- If storing a boat in an open driveway, carport, or open side lot, park another vehicle or other large object in front of the trailer.
- An effective, preventive measure for outside storage is to remove one trailer wheel.
- Store the spare tire in an automobile, truck, or secure it to the trailer with a chain and lock.
- Secure the boat and trailer to a secure object with a good quality chain and lock.
- Purchase a good quality trailer hitch lock and use it - even if stored inside.
There may be some equipment that must be left on the vessel. Secure these items only in
lockable storage areas. Keep in mind that many times the storage area locks installed by the boat manufacturer
are not adequate to deter thieves. Boat dealerships and marinas offer special after-market security devices, such
as Loc-R-Bar for bass boats, which can be used to better secure boat storage compartments.
Remember: out of sight - out of mind.
Houseboats, cruisers, and boats with cuddy cabins are not generally constructed with security in mind. However, there are several things that can be done to reduce the risk of vessel theft in these types of boats.
HMarine Hatch - Marine dealers carry special exterior hatch locks. When fastened with a quality padlock, one of these improves security. Hinges and hatches are another weak point. Depending on the type of boat, it may be possible to add or substitute hinges for improved security.
HWindows - For sliding windows, place a length of doweling in the track to prevent the window from being forced open. Locksmiths and hardware dealers also carry a variety of special, small locks and fasteners, which can be used to increase the security of other types of windows.
There are many systems that can be installed on boats. Care should be taken to select one designed for marine use - one that is resistant to water, salt, and humidity and has a reset function.
Many boat thieves are successful because they look like they belong in the area. Become acquainted with your dock neighbors. Help start a "dock-watch" or lake watch program at your marina or community dock. A tactful offer to assist a stranger in finding a person or a boat may alert thieves that you are looking out for each other. Never leave the keys aboard, not even in a hidden place. Lockable gates should be installed where the walkway from the shore is attached to the main dock. This will not deter thieves accessing docks by boat or by swimming, but most successful investigations resulting in apprehension of thieves have proven that they usually access docks from the land and by vehicle, not by boat.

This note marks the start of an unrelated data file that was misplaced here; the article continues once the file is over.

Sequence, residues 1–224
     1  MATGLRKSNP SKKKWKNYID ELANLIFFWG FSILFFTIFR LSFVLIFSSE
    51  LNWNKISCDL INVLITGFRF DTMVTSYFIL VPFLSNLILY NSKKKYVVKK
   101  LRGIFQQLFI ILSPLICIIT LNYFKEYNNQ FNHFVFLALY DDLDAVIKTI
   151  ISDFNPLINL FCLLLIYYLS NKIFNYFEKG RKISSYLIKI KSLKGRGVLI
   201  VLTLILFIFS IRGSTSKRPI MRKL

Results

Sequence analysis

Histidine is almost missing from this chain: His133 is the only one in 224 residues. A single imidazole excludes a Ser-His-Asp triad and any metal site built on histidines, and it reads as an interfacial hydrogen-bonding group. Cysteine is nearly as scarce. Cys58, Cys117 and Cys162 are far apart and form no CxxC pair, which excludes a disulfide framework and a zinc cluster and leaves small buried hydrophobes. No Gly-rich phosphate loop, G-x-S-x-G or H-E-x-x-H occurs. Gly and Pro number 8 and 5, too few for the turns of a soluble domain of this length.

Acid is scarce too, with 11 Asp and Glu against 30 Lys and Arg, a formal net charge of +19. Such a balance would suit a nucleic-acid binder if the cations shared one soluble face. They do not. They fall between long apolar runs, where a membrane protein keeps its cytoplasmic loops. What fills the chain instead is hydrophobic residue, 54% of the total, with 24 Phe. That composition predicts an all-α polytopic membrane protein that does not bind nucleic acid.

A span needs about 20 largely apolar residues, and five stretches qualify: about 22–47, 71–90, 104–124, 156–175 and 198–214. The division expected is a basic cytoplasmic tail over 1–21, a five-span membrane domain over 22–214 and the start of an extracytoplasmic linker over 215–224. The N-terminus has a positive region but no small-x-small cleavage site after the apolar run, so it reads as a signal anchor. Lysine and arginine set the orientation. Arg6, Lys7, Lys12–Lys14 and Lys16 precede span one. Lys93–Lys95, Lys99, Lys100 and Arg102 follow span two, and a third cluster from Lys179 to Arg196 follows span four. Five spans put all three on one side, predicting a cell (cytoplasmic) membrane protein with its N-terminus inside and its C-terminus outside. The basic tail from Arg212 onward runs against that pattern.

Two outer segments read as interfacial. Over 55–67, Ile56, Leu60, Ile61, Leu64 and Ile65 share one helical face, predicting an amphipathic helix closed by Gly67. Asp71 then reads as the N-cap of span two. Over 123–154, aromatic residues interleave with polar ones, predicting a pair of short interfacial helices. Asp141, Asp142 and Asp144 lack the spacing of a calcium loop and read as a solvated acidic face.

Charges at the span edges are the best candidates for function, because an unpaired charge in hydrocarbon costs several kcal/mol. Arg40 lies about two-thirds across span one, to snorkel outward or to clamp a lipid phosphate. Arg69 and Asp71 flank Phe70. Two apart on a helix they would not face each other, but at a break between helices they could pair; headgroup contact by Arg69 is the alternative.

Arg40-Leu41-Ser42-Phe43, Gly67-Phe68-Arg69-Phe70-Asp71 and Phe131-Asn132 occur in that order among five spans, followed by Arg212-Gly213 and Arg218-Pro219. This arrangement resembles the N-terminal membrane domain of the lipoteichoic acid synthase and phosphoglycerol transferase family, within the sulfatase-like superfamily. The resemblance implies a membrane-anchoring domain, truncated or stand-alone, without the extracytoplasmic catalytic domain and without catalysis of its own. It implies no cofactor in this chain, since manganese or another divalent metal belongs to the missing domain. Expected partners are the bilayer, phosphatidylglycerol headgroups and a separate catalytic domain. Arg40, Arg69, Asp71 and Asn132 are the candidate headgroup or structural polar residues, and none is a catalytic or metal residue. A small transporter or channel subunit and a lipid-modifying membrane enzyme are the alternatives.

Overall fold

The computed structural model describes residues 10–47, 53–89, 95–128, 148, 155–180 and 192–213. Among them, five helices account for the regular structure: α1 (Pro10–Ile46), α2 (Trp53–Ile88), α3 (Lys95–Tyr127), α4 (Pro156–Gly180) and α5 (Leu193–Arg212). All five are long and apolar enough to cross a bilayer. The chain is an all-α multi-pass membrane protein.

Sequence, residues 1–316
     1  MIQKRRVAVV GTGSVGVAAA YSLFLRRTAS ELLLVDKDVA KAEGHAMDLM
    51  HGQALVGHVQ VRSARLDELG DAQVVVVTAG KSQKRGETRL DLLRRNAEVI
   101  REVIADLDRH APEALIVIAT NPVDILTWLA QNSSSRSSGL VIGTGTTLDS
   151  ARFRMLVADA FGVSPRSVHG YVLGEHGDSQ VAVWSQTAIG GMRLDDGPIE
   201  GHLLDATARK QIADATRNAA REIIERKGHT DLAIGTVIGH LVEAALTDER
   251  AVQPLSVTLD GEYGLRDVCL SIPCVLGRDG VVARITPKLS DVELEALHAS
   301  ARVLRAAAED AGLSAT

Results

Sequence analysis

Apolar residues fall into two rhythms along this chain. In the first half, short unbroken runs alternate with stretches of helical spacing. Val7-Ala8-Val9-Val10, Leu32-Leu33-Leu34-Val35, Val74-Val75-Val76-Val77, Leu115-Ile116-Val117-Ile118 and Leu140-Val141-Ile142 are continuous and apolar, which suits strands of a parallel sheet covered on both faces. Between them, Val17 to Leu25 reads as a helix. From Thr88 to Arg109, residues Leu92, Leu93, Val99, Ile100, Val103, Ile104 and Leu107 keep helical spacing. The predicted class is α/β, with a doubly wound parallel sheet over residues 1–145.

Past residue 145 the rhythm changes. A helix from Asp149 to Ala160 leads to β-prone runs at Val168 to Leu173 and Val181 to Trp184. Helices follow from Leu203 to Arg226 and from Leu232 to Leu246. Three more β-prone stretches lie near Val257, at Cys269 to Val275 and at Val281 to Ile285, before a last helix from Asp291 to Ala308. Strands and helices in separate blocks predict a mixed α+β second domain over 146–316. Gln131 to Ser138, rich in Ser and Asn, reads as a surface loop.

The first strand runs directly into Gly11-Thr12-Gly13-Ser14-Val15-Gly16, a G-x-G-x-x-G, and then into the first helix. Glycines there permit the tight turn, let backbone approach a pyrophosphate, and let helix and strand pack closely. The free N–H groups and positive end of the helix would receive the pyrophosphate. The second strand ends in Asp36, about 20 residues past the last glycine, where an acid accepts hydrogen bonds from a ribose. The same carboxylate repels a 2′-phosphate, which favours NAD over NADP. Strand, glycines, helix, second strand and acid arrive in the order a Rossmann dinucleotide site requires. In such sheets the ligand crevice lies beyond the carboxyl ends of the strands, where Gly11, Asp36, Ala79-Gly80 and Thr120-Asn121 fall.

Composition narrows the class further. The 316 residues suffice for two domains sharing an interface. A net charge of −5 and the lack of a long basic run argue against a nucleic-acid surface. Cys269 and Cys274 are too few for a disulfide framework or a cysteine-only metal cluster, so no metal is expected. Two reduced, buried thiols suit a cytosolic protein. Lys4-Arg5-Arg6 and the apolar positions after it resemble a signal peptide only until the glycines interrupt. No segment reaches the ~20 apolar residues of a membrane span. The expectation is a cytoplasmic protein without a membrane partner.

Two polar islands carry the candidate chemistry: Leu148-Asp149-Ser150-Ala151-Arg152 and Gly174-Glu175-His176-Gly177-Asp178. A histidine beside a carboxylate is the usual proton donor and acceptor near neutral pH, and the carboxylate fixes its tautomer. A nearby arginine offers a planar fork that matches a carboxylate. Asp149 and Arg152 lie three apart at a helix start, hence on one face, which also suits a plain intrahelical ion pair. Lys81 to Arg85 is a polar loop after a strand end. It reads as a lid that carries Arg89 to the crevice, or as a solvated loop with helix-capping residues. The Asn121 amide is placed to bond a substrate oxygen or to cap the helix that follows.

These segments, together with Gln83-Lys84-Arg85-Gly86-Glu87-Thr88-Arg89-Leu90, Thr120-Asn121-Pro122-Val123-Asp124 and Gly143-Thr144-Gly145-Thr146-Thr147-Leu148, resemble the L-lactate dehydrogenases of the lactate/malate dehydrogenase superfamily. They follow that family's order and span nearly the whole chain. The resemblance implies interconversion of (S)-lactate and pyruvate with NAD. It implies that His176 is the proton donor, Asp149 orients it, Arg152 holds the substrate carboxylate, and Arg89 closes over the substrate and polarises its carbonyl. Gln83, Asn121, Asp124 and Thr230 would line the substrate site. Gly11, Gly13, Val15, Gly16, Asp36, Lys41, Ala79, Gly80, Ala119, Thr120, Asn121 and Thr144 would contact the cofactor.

If boat, trailer, or gear is missing, report it immediately to:
- Missouri State Highway Patrol or local enforcement agencies
- Your insurance company
- The marina owner
- Neighboring boaters
- Use your written and photographic marine record to give specific and complete information.
WHEN BUYING A BOAT
- Be careful when buying a boat because it could be stolen.
- Be certain that the boat's description on the title matches the boat you are buying. Check year, make, length, and hull identification number.
- Be sure the model and serial number on an outboard motor have not been removed, tampered with, or altered.
- When buying a used vessel, try to deal with a reputable marine dealer or a broker licensed by the state.
- If the price seems too good to be true, there is a good chance that it is stolen. This applies to marine equipment and fishing tackle also. Don't provide a market for stolen property!
Laws / Education
- Boat/Vessel Titling and Registration
- Boater Safety Education & Certification
- Boat Wake Courtesy
- Boating Laws Handbook
- 911 Dock Addressing Requirements
- Marine Theft Prevention
- Mandatory Boating Education Law - Section 306.127
- Missouri's Float Streams: Know The Law
- Convicted of a violation that requires Boater Education?
- Swift Water Training
- USCG Safety Alert: Uninspected Passenger Vessel (UPV) Licensing Requirements
- Vessel Safety Equipment Requirements
- Wear Your Life Jacket